'Game of Thrones' showrunners explain why they changed Sansa's storyline | EW.com
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TV | Game of Thrones

Game of Thrones producers explain changing Sansa's storyline

Showrunners talk about that huge twist—that was very different from the books

(Helen Sloan/HBO)

HBO’s Game of Thrones has been gradually edging away from its source material. Yet Sunday’s episode introduced what is perhaps the boldest departure yet from George R.R. Martin’s novels: Sansa Stark is now engaged to marry… the psychotic Ramsay Snow Bolton!

In what could be another cruel twist for Sansa (Sophie Turner), her guardian, Littlefinger, arranged for the long-suffering teen to wed the ex-bastard of Bolton, whose family controls her former home of Winterfell. (Littlefinger, it seems, is not aware of Ramsay’s cruelty.) Sansa agrees because she’s trying to take charge of her own fate, and potentially wants to get within striking distance of the family who killed her mother and brother during season 3’s infamous Red Wedding.

But in Martin’s books, Sansa is still at the Eyrie when her storyline ends in A Feast for Crows, while Ramsay marries a minor character who hasn’t appeared in the TV version.  

“Sansa is a character we care about almost more than any other, and the Stark sisters have from the very beginning been two characters who have fascinated us the most,” said showrunner David Benioff. “We got very lucky in casting because it’s so hard to cast good kids. Even if they come in and do a great audition, it’s so hard to know if they’re going to quite literally grow into the parts. With Sansa and Arya in particular, their storylines have become quite dark. It was such a gamble and the fact that they’ve both become such great wonderful actresses is a bit of a miracle.”

And it’s because of Turner’s strength, Benioff continued, that it made sense to give Sansa a dramatic storyline this season and to use Ramsay’s engagement for that very purpose. In fact, the showrunners first thought about putting Sansa and Ramsay together back when they were writing season 2. “We really wanted Sansa to play a major part this season,” Benioff said. “If we were going to stay absolutely faithful to the book, it was going to be very hard to do that. There was as subplot we loved from the books, but it used a character that’s not in the show.”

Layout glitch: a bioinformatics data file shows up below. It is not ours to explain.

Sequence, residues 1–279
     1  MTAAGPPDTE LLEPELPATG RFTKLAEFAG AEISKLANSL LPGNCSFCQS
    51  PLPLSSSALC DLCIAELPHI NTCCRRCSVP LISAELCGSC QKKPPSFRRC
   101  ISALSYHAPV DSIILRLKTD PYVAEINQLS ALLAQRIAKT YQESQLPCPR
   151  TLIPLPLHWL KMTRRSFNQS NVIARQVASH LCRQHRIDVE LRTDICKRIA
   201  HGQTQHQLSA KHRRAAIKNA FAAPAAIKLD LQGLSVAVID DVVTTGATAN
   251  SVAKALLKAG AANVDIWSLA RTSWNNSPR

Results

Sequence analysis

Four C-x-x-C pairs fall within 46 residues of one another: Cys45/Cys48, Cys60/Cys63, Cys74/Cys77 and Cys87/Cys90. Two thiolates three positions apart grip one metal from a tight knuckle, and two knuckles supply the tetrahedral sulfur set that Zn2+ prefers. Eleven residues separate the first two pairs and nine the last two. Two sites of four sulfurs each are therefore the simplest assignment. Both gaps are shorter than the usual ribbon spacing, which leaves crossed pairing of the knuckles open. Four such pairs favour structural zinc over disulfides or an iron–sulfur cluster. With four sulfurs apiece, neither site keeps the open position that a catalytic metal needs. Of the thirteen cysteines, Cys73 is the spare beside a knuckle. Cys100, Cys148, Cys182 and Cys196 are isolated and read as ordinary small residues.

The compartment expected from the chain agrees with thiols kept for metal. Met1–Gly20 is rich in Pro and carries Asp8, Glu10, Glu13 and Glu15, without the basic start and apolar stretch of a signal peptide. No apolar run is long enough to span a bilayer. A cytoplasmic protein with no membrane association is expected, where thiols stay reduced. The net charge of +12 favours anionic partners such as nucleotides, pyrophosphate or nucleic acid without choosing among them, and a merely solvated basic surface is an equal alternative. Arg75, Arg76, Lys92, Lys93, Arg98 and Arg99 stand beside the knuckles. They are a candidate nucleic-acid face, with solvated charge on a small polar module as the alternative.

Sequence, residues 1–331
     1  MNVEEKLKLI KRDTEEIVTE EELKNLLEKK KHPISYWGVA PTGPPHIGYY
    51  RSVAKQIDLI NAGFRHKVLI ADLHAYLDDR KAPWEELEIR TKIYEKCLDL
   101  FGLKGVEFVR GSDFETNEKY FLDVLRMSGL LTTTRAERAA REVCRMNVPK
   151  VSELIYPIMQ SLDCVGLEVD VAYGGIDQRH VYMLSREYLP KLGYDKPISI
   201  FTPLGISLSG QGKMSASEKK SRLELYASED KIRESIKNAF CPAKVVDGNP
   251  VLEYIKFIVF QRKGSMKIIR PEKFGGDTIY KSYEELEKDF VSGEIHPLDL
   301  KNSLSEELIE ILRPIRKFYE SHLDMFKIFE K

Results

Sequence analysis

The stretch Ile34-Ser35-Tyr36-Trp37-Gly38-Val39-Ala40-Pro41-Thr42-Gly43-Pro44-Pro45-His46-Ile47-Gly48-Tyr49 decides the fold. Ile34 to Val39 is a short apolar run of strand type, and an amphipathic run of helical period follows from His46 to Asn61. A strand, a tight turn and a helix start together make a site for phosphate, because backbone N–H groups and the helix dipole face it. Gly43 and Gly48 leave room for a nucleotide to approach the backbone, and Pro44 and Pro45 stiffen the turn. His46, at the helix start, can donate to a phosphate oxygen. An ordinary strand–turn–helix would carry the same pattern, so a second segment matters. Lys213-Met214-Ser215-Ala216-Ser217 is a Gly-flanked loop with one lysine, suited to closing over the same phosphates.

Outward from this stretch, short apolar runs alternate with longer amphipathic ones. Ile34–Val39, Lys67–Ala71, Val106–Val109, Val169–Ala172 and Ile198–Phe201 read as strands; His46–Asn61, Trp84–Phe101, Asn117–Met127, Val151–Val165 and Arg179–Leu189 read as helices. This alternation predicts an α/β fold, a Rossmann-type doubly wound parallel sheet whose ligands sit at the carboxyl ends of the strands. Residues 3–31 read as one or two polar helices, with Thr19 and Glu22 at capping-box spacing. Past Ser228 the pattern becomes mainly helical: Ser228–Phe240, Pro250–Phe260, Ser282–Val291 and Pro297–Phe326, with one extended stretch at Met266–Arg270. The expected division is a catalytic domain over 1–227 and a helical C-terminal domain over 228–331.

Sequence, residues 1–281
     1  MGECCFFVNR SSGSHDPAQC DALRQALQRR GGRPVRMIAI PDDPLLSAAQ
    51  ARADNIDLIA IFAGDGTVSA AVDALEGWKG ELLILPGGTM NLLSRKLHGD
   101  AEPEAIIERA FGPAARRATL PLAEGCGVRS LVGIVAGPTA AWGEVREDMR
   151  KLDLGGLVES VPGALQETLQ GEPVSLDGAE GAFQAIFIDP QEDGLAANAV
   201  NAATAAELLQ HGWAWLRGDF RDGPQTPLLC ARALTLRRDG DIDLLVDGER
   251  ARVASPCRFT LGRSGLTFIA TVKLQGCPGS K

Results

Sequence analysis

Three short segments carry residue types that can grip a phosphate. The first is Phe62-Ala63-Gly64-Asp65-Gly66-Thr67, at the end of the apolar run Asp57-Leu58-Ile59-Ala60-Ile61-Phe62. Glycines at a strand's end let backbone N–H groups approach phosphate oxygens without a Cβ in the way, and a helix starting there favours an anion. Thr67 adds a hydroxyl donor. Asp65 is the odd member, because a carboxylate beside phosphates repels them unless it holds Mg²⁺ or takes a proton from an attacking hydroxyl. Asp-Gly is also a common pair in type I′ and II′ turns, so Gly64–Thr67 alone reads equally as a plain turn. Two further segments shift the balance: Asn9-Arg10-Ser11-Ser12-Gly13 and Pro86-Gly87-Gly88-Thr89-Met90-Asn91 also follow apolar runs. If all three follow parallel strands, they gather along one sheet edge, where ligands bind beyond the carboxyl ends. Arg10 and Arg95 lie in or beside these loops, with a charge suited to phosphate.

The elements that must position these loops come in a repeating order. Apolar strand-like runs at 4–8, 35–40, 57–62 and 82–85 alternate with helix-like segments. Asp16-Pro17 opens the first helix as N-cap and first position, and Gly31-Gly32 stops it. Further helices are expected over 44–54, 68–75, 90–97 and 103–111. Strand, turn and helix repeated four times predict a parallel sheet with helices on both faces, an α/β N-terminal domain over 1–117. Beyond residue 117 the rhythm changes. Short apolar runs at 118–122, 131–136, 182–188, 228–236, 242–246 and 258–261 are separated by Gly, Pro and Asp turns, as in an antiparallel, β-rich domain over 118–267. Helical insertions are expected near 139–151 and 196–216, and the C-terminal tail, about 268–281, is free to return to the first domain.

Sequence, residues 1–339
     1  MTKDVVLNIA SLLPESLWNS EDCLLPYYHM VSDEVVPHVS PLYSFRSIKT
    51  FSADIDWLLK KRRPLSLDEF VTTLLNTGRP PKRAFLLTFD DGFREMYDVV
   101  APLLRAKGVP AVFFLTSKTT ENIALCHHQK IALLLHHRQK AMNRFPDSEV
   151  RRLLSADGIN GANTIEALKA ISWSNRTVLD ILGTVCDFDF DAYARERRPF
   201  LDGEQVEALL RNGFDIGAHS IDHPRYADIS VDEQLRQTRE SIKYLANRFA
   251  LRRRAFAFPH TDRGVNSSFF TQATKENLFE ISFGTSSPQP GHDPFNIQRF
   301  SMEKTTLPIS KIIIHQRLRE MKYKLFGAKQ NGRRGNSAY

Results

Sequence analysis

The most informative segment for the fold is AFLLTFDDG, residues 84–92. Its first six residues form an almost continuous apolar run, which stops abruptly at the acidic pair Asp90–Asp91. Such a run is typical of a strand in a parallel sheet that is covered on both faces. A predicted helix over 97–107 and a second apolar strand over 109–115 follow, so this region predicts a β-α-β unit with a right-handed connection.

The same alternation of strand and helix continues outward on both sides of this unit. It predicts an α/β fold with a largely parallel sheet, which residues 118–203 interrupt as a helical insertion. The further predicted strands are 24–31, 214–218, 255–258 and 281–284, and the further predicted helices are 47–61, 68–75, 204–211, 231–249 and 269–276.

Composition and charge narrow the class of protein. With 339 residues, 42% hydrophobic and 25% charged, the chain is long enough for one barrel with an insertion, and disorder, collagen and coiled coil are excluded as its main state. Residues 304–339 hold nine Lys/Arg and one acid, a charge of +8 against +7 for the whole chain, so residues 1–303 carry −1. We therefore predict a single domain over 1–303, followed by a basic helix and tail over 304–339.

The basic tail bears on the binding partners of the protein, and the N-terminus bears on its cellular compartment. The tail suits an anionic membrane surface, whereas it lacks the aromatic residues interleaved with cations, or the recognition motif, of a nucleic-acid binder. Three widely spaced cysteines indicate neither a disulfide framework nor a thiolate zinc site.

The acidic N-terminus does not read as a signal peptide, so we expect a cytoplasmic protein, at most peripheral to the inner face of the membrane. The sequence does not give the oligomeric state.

Writer-producer Bryan Cogman had some insight, as well. “The seeds were planted early on in our minds,” Cogman said. “In the books, Sansa has very few chapters in the Vale once she’s up there. That was not going to be an option for one of our lead characters. While this is a very bold departure, [we liked] the power of bringing a Stark back to Winterfell and having her reunite with Theon under these circumstances.” 

Besides, Cogman pointed out: “You have this storyline with Ramsay. Do you have one of your leading ladies—who is an incredibly talented actor who we’ve followed for five years and viewers love and adore—do it? Or do you bring in a new character to do it? To me, the question answers itself: You use the character the audience is invested in.” 

That said, just because the writers are mining another character’s storylline for Sansa, it doesn’t mean what happens next on HBO’s series will be the same as it was for that other character in the books. So while Martin’s fans might think they now know where Sansa’s story is headed, the showrunners could have more twists planned. 

Benioff also provided some thoughts on why Sansa chose to go along with Littelfinger’s scheme. “Sansa started as such a naive innocent,” he said. “She’s been traumatized by what she’s seen and she spent almost a couple years in shell shock. At a certain point she’s either going to die or survive and become stronger. She’s chosen the latter option and she’s learned from an incredibly devious teacher in Littlefinger. The interesting thing about Littlefinger is he seems to have no almost no weaknesses aside from his affection for Sansa. He’s been obsessed with her since that early episode at the joust.”

When I noted that it’s surprising LIttlefinger would give up Sansa to another man, Benioff replied, “That’s the thing about Littlefinger—as much as he might care for Sansa, he cares for nothing more than power. And now he sees an opportunity to gain more power for himself.” 

The recent events also bring the Thrones story back to Winterfell, a location the producers have kept in the show’s ever-evolving opening credits map even though the castle has been off-stage for years (though it now includes a flayed-man icon since falling under Bolton control)..   

“It was great to get back to where so much of the story started,” Benioff said. “This year we’ve got the biggest Winterfell set we’ve had. The art department created massive, spectacular set to move around in. It gives the director so much freedom. It’s great for us because there’s probably no location that has more emotional resonance for viewers than Winterfell and with Sansa coming back there it’s amazing—you walk into that courtyard, and even though it’s in a different place than it was from the pilot and for season two, it still feels like you’re walking back into Winterfell. Like, that’s where Bran was shooting at a target in a first episode, that’s where Tyrion slapped Joffrey… there’s so many memories.” 

Benioff dryly added: “Hopefully some day we can open it as a theme park.”

Read more: My deep-dive recap covering the Sansa twist, Cersei vs. Margaery sniping and more, and our interview with Kit Harington on that beheading scene.